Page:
It’s entirely possible that producers Scott Rudin and Sonia Friedman – who’ve brought Robert Icke and Duncan Macmillan’s frequently harrowing adaptation of George Orwell’s 1984 to Broadway after three years in London and on the road – meant to parody the punitive Big Brother-like tone with the program insert that accompanies the Playbill. The giveaway is that “101 minutes,” an unsubtle reference to Room 101, the torture chamber described in the 1949 novel and made quite terrifyingly vivid on the present show. It also is possible that reports of patrons fainting in their seats, along with a last-minute press release sternly warning that “No theatergoers born after 2004 will be admitted to 1984,“ have been just so much ballyhoo to spur ticket sales along with an exceptionally striking media campaign.
'1984' Will Follow 1884 At Broadway's Hudson Theatre - Orwell Post-Seurat
Such hucksterism really is unnecessary, however. The show memorably reinvents one of the most terrifying tales of modern times, one that also happens to be among the best known, not only through the popularity of the novel, but in films – especially the 1984 version (!) starring John Hurt, Richard Burton and Suzannah Hamilton. And although the import of this limited run was prompted by the election of Donald J. Trump, the production makes no pandering attempt at relevance (as was the case with the recently closed Julius Caesar in Central Park). It lets Orwell speak for himself, and he does just fine, thank you, though in a distilled version that must make blatantly visual what the novel takes pains to incite in the consciousness.
That would be the story of Winston Smith (Tom Sturridge, Journey’s’ End, Pirate Radio), whose duties in the Oceania Ministry of Truth consist of deleting out of existence persons convicted of such crimes against the state as thinking, feeling and writing. Big Brother is forever watching on monitors that seem capable of invading mental as well as physical space. Winston’s fate essentially is set in motion when he, in an act of blatant resistance, decides to keep a diary; it’s sealed when Julia (Olivia Wilde, Vinyl, House) sneaks him a scrap of paper inscribed I LOVE YOU. Their ecstatic affair – which incorporates such forbidden erotica as coffee, chocolate and jam, along with sex – must end horribly, and it does, here, in Room 101, under the direction of O’Brien (Reed Birney, a Tony winner last year for The Humans). A brutal bureaucratic monster all the more horrific because of the empathy that leaches through the scar tissue of his own survival, O’Brien has perhaps the most terrifying, unsettling humanity of the three.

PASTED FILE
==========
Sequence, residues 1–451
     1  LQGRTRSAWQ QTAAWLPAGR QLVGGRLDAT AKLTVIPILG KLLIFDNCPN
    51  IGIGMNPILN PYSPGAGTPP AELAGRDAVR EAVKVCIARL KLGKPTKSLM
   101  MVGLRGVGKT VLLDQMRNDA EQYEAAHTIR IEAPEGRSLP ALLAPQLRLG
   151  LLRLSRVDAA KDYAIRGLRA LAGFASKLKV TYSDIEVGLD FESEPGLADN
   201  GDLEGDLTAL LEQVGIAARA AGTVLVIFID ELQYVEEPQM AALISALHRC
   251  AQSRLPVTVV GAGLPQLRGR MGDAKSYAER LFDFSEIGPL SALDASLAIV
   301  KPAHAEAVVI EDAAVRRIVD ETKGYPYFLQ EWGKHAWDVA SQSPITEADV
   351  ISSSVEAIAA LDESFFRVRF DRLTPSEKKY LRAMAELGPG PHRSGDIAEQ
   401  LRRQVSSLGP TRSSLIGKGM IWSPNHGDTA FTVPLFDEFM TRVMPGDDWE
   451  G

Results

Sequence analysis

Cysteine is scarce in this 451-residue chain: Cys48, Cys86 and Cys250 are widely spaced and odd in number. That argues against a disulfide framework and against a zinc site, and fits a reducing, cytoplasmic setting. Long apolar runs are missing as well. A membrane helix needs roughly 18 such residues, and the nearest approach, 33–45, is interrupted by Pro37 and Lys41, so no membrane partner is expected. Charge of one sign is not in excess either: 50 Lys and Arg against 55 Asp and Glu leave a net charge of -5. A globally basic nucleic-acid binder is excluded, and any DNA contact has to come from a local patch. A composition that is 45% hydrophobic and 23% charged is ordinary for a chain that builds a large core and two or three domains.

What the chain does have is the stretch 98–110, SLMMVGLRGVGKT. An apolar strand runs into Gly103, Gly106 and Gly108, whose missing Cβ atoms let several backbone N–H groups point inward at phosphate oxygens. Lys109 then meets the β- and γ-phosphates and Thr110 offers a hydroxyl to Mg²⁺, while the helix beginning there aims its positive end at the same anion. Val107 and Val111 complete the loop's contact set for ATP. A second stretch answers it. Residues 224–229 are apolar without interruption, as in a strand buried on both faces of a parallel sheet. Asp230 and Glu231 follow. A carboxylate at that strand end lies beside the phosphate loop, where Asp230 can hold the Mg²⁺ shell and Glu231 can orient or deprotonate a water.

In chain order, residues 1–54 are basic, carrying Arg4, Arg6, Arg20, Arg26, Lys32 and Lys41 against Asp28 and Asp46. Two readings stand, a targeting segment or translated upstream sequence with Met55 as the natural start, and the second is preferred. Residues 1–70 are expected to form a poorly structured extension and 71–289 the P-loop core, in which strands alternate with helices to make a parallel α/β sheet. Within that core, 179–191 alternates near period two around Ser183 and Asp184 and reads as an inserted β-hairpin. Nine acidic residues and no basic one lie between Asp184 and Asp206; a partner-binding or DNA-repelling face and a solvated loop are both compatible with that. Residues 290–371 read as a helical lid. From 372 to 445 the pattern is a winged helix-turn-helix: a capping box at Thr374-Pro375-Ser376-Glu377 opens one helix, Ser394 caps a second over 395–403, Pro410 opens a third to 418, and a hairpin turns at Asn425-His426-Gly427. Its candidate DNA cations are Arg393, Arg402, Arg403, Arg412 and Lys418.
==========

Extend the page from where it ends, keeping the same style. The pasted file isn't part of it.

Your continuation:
Icke and Macmillan frame the story of Winston and Julia with Orwell’s own device, an afterword to the novel in which a group of people, academics or book enthusiasts in 2050, debate the trustworthiness of the authorial narrative. The result is effective displacement of time and tale that is conveyed on Chloe Lamford and Tim Reid’s remarkable set and video scheme. The action takes place under a stage-wide screen of panels projecting well-known Newspeak aphorisms that have their own appalling resonance in the age of alternative facts and fake news. The jagged jarring lighting by Natasha Chivers and the thoroughly discomfiting sound design by Tom Gibbons expand the effect to the point of, though not beyond, intolerability.
Credit for that belongs equally to the stellar trio at the heart of the production. Sturridge has a jittery, piercing appeal as a man who believes his innermost fear is undiscoverable, only to learn otherwise in the show’s most horrific scene. Wilde has a contained abandon that emphasizes Julia’s revolutionary urges without caricature. And Birney proves once again to be a master of emotional concealment that works to expose; how else describe O’Brien’s bids for sympathy that, in another’s hands, might easily come across as merely false? He’s more compelling, and more disturbing, than any program insert, that’s for sure.
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